Flavor

Appears in

Chocolates and Confections

By Peter Greweling

Published 2007

  • About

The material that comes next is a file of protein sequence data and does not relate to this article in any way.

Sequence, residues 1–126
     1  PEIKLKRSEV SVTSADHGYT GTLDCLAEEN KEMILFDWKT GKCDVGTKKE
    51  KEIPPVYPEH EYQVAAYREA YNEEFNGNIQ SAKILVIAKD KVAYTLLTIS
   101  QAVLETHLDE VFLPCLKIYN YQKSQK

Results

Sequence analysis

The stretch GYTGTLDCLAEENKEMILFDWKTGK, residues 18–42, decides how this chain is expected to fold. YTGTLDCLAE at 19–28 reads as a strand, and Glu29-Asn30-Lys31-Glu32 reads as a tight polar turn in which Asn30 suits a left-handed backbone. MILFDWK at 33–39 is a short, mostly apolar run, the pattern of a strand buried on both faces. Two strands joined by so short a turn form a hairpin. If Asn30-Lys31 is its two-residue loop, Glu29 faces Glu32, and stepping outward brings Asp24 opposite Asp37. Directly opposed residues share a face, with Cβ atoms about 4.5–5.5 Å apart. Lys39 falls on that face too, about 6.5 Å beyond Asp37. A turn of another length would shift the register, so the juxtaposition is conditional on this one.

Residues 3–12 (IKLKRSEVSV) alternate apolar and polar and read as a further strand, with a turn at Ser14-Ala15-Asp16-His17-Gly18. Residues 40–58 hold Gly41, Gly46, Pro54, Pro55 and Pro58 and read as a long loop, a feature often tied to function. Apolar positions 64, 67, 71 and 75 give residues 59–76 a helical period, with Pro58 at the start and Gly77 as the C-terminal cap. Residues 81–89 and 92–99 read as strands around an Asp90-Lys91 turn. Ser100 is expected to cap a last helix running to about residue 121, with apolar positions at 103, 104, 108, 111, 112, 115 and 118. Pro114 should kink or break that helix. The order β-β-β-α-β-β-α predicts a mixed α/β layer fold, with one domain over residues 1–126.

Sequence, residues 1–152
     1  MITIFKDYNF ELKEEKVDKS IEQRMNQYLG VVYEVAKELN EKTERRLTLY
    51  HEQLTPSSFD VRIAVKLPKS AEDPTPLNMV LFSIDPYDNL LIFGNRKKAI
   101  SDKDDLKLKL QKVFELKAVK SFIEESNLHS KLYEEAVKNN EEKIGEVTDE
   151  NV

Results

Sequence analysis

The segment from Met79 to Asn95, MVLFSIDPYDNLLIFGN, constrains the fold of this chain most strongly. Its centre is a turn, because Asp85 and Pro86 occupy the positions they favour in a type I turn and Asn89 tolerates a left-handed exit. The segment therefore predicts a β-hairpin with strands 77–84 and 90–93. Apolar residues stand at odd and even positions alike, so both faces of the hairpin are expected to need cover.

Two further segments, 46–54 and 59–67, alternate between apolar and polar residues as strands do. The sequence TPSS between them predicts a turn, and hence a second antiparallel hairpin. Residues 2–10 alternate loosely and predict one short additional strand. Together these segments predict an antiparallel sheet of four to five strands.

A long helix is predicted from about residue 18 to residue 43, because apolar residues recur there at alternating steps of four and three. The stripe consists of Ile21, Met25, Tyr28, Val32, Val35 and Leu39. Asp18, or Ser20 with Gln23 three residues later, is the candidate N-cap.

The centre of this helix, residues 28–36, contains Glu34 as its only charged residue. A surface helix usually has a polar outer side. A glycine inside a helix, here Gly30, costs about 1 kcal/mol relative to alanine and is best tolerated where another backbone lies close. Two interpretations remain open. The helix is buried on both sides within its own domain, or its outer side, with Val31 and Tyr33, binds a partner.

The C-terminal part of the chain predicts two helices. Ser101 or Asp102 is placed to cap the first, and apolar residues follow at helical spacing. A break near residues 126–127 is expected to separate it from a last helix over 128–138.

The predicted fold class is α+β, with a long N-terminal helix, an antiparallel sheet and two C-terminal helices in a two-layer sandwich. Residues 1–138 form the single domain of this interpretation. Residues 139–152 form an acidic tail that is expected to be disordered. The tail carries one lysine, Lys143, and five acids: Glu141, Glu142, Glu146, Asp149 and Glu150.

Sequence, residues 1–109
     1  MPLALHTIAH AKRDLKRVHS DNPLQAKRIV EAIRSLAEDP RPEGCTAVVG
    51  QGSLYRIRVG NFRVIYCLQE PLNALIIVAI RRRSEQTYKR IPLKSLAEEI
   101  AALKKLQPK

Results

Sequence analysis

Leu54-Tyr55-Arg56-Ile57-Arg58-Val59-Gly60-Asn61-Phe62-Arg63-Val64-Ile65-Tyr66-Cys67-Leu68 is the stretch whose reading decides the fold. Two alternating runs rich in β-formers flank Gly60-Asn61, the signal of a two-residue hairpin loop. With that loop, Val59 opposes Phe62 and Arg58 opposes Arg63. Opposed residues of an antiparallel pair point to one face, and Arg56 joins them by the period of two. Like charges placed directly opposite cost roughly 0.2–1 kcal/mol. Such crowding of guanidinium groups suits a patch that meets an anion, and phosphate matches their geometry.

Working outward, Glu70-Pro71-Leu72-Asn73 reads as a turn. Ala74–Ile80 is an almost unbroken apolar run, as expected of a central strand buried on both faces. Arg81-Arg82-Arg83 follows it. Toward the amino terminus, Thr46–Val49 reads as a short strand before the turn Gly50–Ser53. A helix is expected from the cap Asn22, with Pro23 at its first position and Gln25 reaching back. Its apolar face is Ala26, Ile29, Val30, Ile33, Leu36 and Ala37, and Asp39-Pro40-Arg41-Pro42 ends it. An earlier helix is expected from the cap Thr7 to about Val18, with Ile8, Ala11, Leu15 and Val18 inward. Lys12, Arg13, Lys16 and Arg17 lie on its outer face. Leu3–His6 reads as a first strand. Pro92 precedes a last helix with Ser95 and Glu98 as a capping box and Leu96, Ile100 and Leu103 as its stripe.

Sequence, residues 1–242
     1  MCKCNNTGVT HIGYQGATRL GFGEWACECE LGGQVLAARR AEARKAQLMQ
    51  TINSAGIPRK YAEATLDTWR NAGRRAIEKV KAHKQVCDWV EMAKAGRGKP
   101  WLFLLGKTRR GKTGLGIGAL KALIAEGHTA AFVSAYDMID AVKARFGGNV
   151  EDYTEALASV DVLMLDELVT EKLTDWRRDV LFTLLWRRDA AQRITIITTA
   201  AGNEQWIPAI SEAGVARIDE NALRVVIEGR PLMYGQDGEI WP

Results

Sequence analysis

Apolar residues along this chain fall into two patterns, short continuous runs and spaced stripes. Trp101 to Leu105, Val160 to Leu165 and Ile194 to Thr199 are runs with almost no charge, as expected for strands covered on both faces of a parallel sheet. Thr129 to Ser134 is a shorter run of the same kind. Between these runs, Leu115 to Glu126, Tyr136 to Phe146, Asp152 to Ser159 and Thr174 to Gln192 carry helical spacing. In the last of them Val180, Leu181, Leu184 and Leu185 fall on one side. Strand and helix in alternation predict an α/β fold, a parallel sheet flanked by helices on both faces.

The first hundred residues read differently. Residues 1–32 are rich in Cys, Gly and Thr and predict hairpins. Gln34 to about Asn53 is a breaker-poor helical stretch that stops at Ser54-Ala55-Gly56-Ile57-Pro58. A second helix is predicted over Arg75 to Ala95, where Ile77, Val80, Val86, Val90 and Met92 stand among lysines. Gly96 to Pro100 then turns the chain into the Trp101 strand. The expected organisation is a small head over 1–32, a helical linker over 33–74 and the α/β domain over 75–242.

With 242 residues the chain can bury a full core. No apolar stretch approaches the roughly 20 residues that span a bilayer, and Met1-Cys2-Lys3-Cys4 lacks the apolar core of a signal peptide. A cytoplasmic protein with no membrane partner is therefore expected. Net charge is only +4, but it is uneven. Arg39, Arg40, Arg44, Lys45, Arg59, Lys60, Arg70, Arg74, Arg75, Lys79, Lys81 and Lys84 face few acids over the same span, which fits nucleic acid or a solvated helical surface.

The flavor of chocolate is of primary concern to the artisan confectioner. However, it is not enough to decide if a chocolate tastes good. In matching a chocolate to a specific use, flavor nuances must also be taken into account. A chocolate with fruity flavor notes might be more appropriate with a fruit-flavored ganache, while a dark-roasted, earthy chocolate might better complement a hazelnut gianduja. Although high-percentage chocolates have an important place in confectionery, a lower-percentage, lower-roast chocolate might be just right to make a delicately infused lavender ganache in order to allow the light, floral aroma to shine through. That high-percentage chocolate might be better used to stand up to the bold impact of a liquor cordial. Matching the right chocolate to individual flavors is an important step in fine-tuning confections and can be an effective marketing tool with knowledgeable consumers. As Americans become savvier about chocolate and food in general, more information about the percentage and origin of the chocolate being used becomes a powerful selling point for artisan confections.